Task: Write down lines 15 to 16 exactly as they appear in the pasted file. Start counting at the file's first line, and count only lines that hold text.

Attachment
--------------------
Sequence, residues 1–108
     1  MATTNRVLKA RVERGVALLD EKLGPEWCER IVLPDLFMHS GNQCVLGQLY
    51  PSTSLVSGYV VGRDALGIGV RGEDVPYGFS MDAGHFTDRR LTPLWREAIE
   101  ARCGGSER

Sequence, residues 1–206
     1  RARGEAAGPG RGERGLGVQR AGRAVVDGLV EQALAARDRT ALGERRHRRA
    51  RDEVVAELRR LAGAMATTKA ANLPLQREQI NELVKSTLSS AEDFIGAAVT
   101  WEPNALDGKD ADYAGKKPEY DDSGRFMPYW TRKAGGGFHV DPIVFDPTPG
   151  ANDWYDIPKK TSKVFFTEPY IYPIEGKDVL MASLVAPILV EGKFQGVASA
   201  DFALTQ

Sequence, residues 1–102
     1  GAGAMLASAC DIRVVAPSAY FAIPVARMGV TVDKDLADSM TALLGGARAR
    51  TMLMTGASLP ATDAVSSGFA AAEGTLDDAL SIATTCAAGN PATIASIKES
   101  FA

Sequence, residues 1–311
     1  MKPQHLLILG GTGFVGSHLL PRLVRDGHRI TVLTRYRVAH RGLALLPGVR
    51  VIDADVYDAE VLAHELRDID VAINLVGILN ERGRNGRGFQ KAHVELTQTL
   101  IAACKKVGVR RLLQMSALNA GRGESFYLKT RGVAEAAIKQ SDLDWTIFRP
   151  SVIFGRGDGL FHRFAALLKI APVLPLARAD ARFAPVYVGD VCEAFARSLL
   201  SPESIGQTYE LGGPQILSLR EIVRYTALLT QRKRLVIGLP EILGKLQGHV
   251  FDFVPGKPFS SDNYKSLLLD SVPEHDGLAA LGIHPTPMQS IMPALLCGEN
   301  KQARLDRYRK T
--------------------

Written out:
Sequence, residues 1–311
     1  MKPQHLLILG GTGFVGSHLL PRLVRDGHRI TVLTRYRVAH RGLALLPGVR